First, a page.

Essentially you’re telling the search engine that this inbound link is threatening your website. Using the tool haphazardly could result in unnecessary, costly mistakes, so you must understand what you’re dealing with before invalidating any links.
It would be best if you never invalidated links at random. Before you even think about invalidating a link, approach the source and request to remove the link.
The best way to go about this is contacting the owner of the site, which should be relatively easy in today’s digital world, given that most websites have contact pages or contact forms that are easily accessible to users.
If you can’t find the site owners contact information on the website, you could try getting in touch with them by:
- Reaching out to them on social media such as LinkedIn as this is an employment-oriented network
- Leaving a comment on a blog post
- Searching for their contact details via search engines
If, at this point, you are still unable to find the website owner’s contact information, then consider using Google’s Disavow Tool.
How do you determine what links are bad?
It’s important to conduct an extensive backlink analysis before invalidating any inbound links with the Disavow Tool.
If you’ve got an active website and produce engaging content, you’ll probably find that you’ve got a significant number of inbound links.
While most of these will be valuable, there will probably be a few undesirable links in the mix. So, how do you determine which ones are toxic and which ones boost your rankings in SERPs?
First, create a list of all the links pointing to your website, then identify which links negatively impact your site SEO.
Fortunately, you don’t have to do this manually, and you can use a link analysis tool such as SEMRush, which has a highly comprehensive auditing tool.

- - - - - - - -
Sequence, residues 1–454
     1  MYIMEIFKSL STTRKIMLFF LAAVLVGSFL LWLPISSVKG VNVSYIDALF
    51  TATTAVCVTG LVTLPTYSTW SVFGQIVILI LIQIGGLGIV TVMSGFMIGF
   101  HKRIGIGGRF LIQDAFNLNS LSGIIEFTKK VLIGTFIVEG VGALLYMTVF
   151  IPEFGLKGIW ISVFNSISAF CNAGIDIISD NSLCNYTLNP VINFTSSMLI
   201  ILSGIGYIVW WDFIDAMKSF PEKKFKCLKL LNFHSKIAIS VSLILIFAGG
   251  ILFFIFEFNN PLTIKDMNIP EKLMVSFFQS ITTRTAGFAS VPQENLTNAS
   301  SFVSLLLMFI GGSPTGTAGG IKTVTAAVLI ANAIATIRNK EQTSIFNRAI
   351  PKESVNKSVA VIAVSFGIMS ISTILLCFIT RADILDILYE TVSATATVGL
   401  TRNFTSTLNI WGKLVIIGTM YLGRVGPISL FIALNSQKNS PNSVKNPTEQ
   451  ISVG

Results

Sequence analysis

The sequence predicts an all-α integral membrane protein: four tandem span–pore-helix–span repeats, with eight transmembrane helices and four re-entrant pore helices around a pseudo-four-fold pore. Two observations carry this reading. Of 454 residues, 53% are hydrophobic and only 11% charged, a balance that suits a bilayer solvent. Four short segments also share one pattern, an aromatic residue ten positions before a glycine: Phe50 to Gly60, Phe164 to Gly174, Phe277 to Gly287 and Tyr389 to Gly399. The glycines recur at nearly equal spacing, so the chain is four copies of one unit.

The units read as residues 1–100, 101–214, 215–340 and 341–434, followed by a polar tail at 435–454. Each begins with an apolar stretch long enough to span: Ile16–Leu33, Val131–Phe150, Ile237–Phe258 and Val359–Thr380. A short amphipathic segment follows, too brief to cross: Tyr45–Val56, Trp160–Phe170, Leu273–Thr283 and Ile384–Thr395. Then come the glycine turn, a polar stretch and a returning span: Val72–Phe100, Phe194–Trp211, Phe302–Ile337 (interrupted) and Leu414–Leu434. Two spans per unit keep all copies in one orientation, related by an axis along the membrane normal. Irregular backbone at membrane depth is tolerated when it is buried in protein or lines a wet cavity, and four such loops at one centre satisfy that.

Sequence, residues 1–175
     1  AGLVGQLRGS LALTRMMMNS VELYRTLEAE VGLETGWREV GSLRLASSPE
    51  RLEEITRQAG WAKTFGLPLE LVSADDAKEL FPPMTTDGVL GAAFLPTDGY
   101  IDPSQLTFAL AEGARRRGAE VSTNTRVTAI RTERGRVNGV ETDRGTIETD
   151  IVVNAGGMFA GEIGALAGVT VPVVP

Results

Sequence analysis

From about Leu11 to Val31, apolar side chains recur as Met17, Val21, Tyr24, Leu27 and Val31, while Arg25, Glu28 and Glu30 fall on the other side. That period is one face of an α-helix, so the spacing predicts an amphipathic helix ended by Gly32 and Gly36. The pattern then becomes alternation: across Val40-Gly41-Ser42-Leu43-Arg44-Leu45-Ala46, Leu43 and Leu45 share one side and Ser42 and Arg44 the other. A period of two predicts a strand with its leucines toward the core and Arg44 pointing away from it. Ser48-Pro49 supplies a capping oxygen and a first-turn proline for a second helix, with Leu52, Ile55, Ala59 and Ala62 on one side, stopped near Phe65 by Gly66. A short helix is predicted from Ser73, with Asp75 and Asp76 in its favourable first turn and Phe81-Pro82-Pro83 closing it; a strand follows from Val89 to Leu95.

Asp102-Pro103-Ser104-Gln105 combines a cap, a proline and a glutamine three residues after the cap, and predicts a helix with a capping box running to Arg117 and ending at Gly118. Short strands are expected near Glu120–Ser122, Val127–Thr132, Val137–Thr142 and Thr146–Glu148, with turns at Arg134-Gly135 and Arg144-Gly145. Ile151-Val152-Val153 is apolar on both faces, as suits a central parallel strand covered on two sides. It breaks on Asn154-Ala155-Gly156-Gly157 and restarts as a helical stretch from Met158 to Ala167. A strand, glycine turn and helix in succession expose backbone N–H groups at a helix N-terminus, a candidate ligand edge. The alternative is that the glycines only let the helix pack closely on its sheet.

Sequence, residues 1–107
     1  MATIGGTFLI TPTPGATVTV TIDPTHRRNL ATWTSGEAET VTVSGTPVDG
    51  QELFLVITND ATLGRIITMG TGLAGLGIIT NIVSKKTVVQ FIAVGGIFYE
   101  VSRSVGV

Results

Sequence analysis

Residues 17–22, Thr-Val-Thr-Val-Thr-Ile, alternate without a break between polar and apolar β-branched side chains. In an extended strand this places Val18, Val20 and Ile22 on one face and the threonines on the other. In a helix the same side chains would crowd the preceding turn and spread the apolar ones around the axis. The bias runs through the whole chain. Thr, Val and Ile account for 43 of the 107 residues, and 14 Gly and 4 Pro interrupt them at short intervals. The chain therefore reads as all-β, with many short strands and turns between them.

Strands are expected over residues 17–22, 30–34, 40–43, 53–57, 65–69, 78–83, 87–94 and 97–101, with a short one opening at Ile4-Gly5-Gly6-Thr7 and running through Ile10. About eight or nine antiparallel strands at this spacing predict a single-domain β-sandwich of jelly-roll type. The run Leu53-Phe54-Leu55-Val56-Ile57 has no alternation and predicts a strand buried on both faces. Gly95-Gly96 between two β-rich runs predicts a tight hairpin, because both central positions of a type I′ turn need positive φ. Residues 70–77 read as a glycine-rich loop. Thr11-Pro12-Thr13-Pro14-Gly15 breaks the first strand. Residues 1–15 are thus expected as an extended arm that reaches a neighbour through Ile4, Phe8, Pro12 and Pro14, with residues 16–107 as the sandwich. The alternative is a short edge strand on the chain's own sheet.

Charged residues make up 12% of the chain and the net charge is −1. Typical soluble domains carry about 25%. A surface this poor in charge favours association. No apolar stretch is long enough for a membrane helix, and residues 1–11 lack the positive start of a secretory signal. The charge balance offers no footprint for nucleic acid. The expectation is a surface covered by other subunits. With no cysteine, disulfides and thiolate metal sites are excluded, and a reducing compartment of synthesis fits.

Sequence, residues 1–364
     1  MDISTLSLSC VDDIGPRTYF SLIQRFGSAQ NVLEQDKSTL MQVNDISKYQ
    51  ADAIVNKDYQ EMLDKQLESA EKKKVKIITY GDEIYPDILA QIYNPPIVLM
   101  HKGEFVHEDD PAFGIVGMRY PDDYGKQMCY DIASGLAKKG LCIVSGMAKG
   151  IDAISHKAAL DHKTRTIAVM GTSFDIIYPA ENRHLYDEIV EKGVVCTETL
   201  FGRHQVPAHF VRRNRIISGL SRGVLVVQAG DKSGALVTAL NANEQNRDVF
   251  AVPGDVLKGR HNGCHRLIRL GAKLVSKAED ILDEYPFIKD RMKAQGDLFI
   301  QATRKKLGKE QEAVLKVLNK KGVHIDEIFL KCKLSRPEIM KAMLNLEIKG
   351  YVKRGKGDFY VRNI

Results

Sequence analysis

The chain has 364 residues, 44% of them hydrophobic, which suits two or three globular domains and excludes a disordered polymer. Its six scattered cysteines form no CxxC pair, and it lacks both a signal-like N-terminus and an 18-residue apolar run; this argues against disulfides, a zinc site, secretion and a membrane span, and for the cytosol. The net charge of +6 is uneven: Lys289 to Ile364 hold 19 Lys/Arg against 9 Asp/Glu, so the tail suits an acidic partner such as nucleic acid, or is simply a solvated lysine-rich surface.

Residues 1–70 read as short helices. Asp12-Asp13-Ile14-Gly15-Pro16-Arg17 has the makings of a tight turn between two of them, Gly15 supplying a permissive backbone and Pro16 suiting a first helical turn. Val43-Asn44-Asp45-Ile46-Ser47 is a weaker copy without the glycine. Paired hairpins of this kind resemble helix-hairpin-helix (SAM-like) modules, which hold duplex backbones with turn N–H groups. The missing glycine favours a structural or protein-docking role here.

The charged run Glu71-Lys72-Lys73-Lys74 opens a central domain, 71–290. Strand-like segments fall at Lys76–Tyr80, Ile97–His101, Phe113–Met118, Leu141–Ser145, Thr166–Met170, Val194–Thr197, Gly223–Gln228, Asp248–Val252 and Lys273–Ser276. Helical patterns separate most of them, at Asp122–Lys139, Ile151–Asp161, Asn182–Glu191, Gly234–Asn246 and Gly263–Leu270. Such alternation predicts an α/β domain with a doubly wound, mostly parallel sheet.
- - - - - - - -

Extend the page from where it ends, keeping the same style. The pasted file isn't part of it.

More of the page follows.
SEMRush analyses each link against thirty “toxic factors” to distinguish the good links from the bad. You can currently access the backlink tool for free on the platform, so what are you waiting for? Import your links, sit back and let SEMRush do the work.
There are similar tools available on other platforms such as Ahrefs, Majestic, Moz and Ubersuggest if you’re more comfortable with these software suites.
No matter which link analysis tool you opt to use, each should produce a page of poor quality backlinks after running a test on the list you imported.
If you only have a few bad inbound links, make sure you dedicate some to visit each link to gain insight into the cause of your link penalty. Following this approach will allow you to futureproof your applications.
Suppose you have poor-quality links in abundance, skim through these to see if you can identify any legitimate-looking URLs and then carry out an inspection of those pages.
If you have many bad backlinks, it’s worth checking whether you have good antivirus software before clicking on anything suspicious.
Invalidate irrelevant backlinks
Suppose you have a hospitality website and find links from bicycle products or chess blogs; that would explain the need to use the Google Disavow Tool.
What do bicycles and chess have in common with hospitality? Relatively nothing, so these would be irrelevant backlinks to have as they add no value to your site.
Irrelevant backlinks also serve as a warning sign for further trouble. For example, suppose you follow through to the website, and it’s linked to a foreign domain, and the content is written in another language unless your target audience speaks that language; this link is devaluing your site based on that reason alone.
If the links to your site have no relevance to your industry and the content is of little or no interest to your target audience, you don’t want your website to be associated with theirs.
These are the type of links that you want to invalidate with the Google Disavow Tool, as irrelevance is terrible for your brand.
You should also beware of any spam-like URLs when reviewing your list of backlinks.
Beware of suspicious-looking links